A 2021 Mars Expedition Sounds Exciting but Does It Make Sense?

Commentary by Michael Mackowski

About a year ago, Dennis Tito formed an foundation, Inspiration Mars, whose goal was to send a married couple on a fly-by space mission to Mars and back. This would have to be launched in 2018 to take advantage of the relative alignments of the Earth and Mars. There are obvious challenges to overcome to make this successful, notably funding and the lack of demonstrated life support systems that can last 500 days with no resupply. A few months ago, Tito testified before Congress, noting that he would need the help of NASA to pull off this mission, specifically calling out the need for a heavy launch vehicle like the Space Launch System (SLS), which is now in development.

Now a some members of Congress (specifically Rep. Lamar Smith, chairman of the House Science, Space and Technology Committee) is proposing a very similar mission but sponsored by NASA. Note that the idea did not originate with NASA.  This would be launched in 2021 and takes advantage of a Venus fly-by for a gravity assist, and results in a mission only a month or so longer than the 2018 plan by Inspiration Mars. It would be the second launch of the SLS and the inaugural flight of the Orion deep-space vehicle. This plan, as well as the Inspiration Mars plan, requires a habitat module which does not exist today, although could be based on American or Russian modules used on the International Space Station. The 2021 launch date provides a bit more realistic schedule to develop some of the missing pieces for such an audacious mission compared to the Inspiration Mars plan.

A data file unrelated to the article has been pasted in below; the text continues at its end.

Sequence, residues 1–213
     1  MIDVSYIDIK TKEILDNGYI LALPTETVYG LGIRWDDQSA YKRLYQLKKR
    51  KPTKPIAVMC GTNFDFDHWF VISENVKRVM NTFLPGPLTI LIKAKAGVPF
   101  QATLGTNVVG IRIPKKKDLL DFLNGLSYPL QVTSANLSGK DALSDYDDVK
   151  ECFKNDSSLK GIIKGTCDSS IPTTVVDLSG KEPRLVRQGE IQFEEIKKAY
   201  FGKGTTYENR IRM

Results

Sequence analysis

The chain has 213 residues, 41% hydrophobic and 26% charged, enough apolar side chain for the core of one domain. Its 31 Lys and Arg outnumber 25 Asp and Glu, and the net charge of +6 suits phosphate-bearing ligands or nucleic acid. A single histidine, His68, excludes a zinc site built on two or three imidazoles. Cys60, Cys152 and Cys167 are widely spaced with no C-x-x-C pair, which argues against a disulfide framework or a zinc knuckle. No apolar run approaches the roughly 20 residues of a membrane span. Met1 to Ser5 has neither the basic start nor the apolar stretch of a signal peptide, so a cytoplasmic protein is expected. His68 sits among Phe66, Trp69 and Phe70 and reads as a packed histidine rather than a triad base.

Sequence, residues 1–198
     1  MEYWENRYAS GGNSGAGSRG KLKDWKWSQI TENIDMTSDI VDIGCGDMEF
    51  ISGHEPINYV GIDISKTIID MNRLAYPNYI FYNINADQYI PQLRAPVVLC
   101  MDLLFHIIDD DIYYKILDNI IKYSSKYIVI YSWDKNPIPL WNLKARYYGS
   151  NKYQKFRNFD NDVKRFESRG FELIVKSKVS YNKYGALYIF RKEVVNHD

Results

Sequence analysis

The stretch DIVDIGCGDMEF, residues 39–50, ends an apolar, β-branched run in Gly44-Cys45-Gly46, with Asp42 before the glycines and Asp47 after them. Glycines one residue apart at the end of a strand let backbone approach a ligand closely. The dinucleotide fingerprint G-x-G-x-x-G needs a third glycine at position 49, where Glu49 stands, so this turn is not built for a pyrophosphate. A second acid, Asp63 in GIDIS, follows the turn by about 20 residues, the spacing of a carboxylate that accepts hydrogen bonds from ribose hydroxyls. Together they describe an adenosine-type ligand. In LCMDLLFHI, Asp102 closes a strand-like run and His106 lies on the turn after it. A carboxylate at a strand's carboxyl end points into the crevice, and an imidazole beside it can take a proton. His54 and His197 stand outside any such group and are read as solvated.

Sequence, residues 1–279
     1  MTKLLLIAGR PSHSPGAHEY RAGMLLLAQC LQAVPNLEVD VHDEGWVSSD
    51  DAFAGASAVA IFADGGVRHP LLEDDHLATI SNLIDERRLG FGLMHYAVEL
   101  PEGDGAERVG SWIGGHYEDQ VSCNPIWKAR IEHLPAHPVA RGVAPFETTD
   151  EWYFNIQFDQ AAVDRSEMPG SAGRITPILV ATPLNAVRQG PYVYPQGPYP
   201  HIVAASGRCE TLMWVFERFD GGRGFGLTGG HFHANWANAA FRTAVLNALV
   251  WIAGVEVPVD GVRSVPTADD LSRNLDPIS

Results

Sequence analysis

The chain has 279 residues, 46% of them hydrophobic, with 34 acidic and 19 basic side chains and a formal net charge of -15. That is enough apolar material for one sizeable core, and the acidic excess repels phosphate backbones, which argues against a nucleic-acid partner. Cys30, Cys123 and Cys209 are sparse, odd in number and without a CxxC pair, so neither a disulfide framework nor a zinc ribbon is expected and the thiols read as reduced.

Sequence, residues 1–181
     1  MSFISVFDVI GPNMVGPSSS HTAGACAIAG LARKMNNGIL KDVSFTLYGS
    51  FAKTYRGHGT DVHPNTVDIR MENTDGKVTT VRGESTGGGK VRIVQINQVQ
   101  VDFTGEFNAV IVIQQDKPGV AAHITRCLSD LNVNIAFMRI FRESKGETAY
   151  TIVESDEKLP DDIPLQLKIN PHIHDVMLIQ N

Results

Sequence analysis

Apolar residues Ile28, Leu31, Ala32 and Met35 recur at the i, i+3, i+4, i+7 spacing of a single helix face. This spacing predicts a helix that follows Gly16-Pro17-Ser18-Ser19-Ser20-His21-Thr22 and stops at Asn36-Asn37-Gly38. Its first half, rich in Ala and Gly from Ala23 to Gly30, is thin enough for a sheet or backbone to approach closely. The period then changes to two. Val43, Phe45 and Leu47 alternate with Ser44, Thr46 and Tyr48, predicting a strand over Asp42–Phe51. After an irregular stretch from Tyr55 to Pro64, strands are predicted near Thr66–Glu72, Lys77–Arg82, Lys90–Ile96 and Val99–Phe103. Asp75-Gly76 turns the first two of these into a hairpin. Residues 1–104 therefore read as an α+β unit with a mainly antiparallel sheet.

But does this 2021 plan make any sense?  Does it lead to the permanent settlement of space, or is it part of a long term strategy of human exploration of deep space, or will it leave us with any new capabilities that could be used to develop lunar resources or advance the date of putting people on the surface of Mars? My initial thought is no, it does none of these very well, but there may still be a reason to embrace it (which I’ll get to in a bit).

For establishing a solid foothold on the Moon, we will need landers and equipment to process the local regolith to extract resources. Any deep space mission, be it to the Moon, an asteroid, or Mars, needs to be part of a long term strategic plan to establish mankind’s permanent presence on other solar system bodies. This mission doesn’t address those needs. For putting a crew on the surface of Mars, we need landers (again) and long-lived life support equipment. Both the new proposal and the Inspiration Mars concept will need a reliable closed life support system, so either of these would be a step in that direction. Ideally, one would like to develop that technology and test it in low Earth orbit or in cislunar space, where a rescue or recovery would be possible should something go wrong. I have not seen a detailed development plan for these missions, so perhaps they are including that. But if that is the case, what value added is the cost of this fly-by mission provide you since you already have developed one of the technologies needed for a Mars landing mission? This is where we get to the “other” reason this mission may make sense.

Is a Venus and Mars human fly-by mission valuable from a gee-whiz perspective that might just incite an increased demand for missions that would actually lead to permanent settlements? We have been looking for something for the public to get excited about. Could this be it? The Inspiration Mars folks admitted this from the start, so is Congress picking up on that approach?  Or are they just looking for an entertaining space spectacular (it might be a great television reality series) to justify the existence of their giant SLS rocket?